New Study Identifies How High-Fat Diets Cause Colon Cancer

It changes the cells themselves

Out of all the nutrients a person eats, the most confusing is probably fat

While some people try to take in as little fat as possible in an attempt to stay slim, the body needs fat in order to function correctly. If too much fat is taken in, however, it can cause obesity. Obesity is a major risk factor for a number of diseases, including cancer.

Now, thanks to new research reported in Nature, scientists have figured out how a high-fat diet can lead to colon cancer.

Because of all the toxins they're exposed to, the intestines are constantly making new cells from stem cells to repair themselves. The researchers found that high-fat diets change the environment inside the intestines, making it more likely for these rapidly-dividing cells to mutate and form tumors. 

"Not only does the high-fat diet change the biology of stem cells, it also changes the biology of non-stem-cell populations, which collectively leads to an increase in tumor formation," principal investigator Omer Yilmaz from MIT explained in a news release.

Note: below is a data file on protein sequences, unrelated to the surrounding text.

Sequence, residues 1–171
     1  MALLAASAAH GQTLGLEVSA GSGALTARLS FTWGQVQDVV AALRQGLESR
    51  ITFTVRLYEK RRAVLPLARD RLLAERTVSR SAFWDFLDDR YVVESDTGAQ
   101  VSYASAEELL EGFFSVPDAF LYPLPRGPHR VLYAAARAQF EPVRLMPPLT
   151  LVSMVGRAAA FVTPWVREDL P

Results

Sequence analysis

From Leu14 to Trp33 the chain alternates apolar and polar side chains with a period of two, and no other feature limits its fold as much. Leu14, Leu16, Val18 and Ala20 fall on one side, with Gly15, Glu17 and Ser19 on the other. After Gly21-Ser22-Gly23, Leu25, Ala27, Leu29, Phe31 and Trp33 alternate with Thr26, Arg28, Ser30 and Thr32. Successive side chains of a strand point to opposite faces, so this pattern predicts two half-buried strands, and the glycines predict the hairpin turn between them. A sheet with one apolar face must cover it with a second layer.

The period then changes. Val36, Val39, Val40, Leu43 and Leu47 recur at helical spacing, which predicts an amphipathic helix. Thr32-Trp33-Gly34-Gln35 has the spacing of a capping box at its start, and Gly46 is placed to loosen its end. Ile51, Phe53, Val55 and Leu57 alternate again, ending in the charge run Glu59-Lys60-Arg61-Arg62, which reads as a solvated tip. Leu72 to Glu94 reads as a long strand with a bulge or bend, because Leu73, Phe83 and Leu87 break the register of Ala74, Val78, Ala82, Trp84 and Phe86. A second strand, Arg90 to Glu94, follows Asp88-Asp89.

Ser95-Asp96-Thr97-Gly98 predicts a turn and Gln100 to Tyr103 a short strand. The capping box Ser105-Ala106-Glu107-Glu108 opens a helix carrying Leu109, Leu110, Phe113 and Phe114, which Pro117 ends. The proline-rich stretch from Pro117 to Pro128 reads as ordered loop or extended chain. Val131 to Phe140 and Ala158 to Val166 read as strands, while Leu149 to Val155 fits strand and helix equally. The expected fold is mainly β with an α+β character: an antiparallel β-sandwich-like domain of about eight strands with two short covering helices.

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The diet of the mice used in the study was 60% fat, while a control group were fed a more balanced diet. As a comparison, the recommended fat intake for an adult human is 20-30%. Not only did the mice on this diet end up with 30-50% more body mass, but also significantly higher rates of colon cancer. 

Through analysis of the intestinal tissue, the scientists determined that the breakdown occurred on the level of cellular communication. Cells in the intestines get cues from one another to keep their growth in check. When the gut environment changes due to a high-fat diet, the cells can't communicate properly and their growth runs amok.

"You have more stem cells and they're able to operate independent of inputs coming from their microenvironment," Yilmaz explained. 

This finding could pave the way for new tests to diagnose the disease in its early stages — a key to increasing the odds of survival — as well as new treatments. 

As obesity rates continue to climb around the world, it's increasingly important to understand the link between diet and disease. Last fall, for instance, the World Health Organization declared fatty, processed meats like bacon and sausage as known carcinogens.

This study further reminds us that diet plays a crucial role in our health, and that the health risks associated with obesity should not be ignored. 

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